(3) other than for scheduled court appearances, Madoff is subject to home detention at his Manhattan apartment, 24 hours per day, with electronic monitoring;

(4) Madoff employs, at his wife's expense, a security firm acceptable to the Government, to provide the following services to prevent harm or flight:

(a) the security firm provides round-the-clock monitoring at Madoff's building, 24 hours per day, including video monitoring of Madoff's apartment doors, and communications devices and services permitting it to send a direct signal from an observation post to the Federal Bureau of Investigation in the event of the appearance of harm or flight;

(b) the security firm will provide additional guards available on request if necessary to prevent harm or flight;

(5) Madoff and his wife have surrendered their passports. (See Docket No. 10.)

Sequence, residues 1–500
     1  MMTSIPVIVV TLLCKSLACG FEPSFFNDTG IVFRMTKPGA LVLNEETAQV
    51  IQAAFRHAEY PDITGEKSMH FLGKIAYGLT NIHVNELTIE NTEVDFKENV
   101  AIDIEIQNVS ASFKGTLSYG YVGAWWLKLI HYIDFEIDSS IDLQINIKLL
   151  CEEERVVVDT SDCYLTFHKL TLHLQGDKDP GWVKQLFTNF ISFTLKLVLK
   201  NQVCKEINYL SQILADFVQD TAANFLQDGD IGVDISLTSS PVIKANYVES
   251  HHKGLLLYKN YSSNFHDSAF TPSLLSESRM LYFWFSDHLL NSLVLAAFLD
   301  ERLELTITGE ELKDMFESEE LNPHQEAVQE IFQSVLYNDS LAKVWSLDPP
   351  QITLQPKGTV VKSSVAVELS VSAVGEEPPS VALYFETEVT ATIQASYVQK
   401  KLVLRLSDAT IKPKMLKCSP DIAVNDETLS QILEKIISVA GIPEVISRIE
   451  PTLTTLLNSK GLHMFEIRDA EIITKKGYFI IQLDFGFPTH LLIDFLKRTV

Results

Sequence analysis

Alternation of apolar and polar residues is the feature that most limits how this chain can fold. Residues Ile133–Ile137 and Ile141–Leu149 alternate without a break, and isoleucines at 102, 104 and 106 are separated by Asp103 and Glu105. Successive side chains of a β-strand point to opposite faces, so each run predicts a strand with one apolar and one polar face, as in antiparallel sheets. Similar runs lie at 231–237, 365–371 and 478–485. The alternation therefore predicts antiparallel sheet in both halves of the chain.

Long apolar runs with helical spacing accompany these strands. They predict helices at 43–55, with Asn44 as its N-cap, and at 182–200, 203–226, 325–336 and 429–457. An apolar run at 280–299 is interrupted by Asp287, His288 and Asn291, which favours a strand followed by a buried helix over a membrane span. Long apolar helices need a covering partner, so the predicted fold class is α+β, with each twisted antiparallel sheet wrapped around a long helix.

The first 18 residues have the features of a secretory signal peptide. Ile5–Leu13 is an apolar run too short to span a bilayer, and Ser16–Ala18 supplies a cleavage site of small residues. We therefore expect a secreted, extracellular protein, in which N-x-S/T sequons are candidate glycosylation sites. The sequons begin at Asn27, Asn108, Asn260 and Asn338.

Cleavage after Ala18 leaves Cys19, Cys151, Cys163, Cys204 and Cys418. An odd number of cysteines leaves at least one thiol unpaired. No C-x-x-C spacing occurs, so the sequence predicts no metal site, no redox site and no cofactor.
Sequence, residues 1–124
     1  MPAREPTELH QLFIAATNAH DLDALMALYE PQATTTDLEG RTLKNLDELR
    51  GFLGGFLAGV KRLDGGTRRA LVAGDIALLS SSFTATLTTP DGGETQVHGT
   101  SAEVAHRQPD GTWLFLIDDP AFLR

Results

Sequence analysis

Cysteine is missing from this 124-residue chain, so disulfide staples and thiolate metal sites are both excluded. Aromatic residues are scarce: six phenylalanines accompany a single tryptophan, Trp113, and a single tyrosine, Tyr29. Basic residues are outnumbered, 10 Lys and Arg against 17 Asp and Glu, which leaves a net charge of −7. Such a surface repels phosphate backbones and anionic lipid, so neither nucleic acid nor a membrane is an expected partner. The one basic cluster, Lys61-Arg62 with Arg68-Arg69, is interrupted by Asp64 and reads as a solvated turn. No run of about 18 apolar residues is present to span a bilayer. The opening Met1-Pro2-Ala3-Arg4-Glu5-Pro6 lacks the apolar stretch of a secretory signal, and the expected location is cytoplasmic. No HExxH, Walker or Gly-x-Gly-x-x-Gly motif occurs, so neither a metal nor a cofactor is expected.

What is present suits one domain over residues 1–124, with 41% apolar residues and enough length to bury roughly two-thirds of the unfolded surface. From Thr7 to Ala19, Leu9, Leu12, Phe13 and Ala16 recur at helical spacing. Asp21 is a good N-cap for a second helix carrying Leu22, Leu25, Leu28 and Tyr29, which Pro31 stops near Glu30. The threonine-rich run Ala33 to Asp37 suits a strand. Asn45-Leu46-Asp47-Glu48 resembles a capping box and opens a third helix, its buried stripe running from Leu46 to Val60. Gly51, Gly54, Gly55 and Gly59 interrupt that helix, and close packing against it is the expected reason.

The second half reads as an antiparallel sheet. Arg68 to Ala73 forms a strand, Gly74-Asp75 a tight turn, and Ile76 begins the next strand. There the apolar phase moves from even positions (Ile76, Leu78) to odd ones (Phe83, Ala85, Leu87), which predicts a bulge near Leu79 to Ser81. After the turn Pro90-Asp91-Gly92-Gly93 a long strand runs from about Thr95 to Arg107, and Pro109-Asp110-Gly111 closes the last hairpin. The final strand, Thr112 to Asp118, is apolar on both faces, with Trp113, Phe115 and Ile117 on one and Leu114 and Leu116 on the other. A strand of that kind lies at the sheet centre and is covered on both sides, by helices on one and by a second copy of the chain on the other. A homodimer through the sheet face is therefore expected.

In a related civil proceeding before The Honorable Louis L. Stanton brought by the Securities and Exchange Commission ("SEC") against Madoff and Bernard L. Madoff Investment Securities LLC, the Parties entered into a preliminary injunction on December 18, 2008, pursuant to which Madoff was explicitly enjoined from transferring any assets belonging to him or his company. (Order on Consent Imposing Preliminary Injunction, Freezing Assets and Granting Other Relief Against Defendants, Dec. 18, 2008, SEC v. Madoff, et al., No. 08 Civ. 10791 (LLS) (Docket No. 8).) This injunction requires Madoff to "prevent any withdrawal, transfer, pledge, encumbrance, assignment, dissipation, concealment or other disposal of any assets, funds, or other property (including money, real or personal property, securities, commodities, choses in action or other property of any kind whatsoever) of, held by or under the direct or indirect control of, Defendant . . . ." (Id. at 3.) This preliminary injunction was not a condition of bail, nor was it incorporated into Madoff's conditions of release on bail.